In which Dodger meets our foe
Dodger reckoned that, as far as towns went, Celina was about as abandoned as a settlement could get without outright burning to the ground. The place showed no sign of the usual hustle and bustle of village life. It also bore all the signs of a rushed flight. Through the half-open doorways, Dodger spotted furniture and other house wares. He couldn’t imagine what would prompt a whole town to just pick up and move along, leaving such precious things behind. Or in this case, who would force them into it.
What it lacked in townsfolk, however, it made up for with snipers.
Dodger took his time as he moseyed through the ghost town, making note of this and that. Such as how many folks were on this roof, and who was crouched in that shadow. The bulldog men placed strategically around the town didn’t seem to care if Dodger spotted them, which was probably part of the grand plan; an obvious threat left an enemy impressed or concerned or both. Yet the professional in Dodger worried more about the threat he wasn’t seeing.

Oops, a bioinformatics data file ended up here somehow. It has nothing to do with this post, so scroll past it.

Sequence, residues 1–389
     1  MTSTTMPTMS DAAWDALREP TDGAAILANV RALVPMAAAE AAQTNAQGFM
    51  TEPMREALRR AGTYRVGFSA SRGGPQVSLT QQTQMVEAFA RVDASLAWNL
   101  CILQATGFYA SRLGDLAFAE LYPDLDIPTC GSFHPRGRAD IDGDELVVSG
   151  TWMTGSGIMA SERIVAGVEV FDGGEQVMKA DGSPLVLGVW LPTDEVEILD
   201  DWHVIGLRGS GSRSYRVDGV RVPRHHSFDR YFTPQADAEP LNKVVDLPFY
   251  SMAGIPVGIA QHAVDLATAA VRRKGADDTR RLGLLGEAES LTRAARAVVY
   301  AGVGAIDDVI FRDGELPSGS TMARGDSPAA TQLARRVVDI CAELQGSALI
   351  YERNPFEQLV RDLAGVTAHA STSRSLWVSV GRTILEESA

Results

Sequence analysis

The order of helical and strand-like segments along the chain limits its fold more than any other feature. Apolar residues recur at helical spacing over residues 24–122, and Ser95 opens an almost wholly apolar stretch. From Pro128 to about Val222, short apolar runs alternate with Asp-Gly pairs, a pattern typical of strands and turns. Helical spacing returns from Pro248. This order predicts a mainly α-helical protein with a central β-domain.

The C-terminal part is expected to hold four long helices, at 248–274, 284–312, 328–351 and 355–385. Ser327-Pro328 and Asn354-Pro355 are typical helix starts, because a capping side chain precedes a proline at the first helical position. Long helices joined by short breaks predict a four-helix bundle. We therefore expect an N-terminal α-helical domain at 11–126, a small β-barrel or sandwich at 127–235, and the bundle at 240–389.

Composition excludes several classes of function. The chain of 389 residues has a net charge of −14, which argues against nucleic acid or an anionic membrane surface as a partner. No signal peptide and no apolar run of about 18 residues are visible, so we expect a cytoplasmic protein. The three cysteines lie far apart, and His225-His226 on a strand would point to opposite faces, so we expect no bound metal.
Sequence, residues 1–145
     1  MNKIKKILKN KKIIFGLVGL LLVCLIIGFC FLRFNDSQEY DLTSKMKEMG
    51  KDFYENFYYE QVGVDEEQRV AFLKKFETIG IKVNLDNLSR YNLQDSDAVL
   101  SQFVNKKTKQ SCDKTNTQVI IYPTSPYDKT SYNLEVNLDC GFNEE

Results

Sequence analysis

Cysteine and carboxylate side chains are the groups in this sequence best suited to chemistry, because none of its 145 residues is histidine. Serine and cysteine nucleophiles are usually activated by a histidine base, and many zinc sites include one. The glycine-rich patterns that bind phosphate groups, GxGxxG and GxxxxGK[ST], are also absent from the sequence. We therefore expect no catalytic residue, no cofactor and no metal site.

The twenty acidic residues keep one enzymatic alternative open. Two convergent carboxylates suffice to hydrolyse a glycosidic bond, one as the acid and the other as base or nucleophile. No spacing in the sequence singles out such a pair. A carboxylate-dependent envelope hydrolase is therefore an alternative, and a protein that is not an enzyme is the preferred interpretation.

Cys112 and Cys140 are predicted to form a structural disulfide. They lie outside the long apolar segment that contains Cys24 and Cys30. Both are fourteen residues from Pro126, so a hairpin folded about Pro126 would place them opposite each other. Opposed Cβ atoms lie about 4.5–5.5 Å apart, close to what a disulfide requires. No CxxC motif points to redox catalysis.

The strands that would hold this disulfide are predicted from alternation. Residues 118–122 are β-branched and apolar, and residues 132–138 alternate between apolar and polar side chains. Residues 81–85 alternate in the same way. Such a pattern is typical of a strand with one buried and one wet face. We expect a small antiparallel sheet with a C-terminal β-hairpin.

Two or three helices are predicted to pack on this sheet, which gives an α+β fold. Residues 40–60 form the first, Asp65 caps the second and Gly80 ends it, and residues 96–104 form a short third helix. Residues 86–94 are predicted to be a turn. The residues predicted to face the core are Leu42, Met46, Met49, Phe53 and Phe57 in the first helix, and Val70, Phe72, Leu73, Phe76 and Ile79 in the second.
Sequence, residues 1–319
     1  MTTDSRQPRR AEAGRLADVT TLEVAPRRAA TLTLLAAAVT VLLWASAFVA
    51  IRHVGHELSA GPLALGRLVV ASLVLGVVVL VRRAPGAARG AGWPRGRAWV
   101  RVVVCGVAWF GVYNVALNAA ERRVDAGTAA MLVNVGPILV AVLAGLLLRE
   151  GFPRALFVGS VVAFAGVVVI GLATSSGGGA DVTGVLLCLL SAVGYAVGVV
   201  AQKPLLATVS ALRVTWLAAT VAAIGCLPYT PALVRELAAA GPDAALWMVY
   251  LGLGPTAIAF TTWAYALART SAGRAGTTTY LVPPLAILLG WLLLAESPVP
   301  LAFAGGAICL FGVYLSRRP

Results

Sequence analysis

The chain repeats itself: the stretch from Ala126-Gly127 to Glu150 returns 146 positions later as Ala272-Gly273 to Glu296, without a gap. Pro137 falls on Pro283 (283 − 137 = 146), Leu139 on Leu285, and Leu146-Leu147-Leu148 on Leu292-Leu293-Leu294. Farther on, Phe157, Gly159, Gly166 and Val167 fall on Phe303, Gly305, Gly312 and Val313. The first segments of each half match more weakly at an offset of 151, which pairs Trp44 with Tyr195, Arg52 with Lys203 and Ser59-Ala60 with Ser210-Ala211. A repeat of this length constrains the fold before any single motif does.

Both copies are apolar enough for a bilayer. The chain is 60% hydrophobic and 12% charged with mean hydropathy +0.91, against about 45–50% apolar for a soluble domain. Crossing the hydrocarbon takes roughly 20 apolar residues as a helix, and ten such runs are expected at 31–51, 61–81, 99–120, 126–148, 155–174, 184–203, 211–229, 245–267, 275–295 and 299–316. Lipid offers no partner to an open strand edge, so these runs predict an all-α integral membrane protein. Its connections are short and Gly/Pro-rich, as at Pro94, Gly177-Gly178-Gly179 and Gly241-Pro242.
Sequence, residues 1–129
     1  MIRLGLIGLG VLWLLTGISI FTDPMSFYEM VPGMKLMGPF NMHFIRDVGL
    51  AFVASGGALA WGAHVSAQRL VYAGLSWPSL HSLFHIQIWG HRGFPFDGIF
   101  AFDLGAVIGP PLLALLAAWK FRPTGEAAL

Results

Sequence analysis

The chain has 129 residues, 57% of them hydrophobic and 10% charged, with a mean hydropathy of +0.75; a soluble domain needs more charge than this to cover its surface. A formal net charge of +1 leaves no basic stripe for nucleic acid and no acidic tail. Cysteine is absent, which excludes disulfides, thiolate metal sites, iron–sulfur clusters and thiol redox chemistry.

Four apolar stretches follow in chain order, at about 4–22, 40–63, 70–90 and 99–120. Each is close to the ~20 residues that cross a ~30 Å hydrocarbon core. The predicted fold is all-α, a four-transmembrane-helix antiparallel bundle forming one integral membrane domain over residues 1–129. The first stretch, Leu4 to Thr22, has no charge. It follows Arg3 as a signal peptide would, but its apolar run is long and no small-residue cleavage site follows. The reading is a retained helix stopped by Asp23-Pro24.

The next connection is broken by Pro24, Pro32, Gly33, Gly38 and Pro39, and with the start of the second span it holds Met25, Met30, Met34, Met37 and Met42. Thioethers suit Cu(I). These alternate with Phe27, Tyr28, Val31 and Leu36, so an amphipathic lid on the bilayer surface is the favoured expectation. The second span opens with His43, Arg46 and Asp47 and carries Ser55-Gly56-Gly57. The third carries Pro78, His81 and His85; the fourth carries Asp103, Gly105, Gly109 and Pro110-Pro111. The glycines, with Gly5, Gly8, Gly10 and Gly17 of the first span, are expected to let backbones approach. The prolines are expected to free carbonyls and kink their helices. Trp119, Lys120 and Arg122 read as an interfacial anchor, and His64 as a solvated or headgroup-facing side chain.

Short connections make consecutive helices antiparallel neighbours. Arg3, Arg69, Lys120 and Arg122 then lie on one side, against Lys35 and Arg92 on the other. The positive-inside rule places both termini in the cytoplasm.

He found the boarding house with ease, as it was, in fact, smack in the dead center of the small town. The building behind the inn turned out to be a good-sized barn. Dodger paused at the entrance to draw a steadying breath before he let himself inside. He contemplated pulling his gun before he remembered he had come here unarmed. Just as Boon had done before him. Breath drawn instead of gun, Dodger slid the latch back on the barn door, and pushed it aside.
Dodger half expected to find the barn dressed up in the style of a mad scientist’s lair, complete with cowering minions and boiling vats and wild creatures. Everything that was the stuff of his favorite stories. Instead, he found a mundane barn and nothing more. Fresh hay adorned the floor and filled the lofts. The back of the barn was separated into three darkened stables, while the rest of the place was wide open and well lit. It had all the trappings of a serviceable shed for animals of all kind. Yes, sir, there was only one thing that kept Dodger from believing that it served its intended purpose.
It was missing that heady, unforgettable livestock smell.
This place may have been readied to serve as a barn, but Dodger would bet his eyeteeth that not a single animal had ever passed through its doors. In fact, the placed smelled more of resin than of musk. No, this building had been recently constructed, and for a purpose other than housing livestock.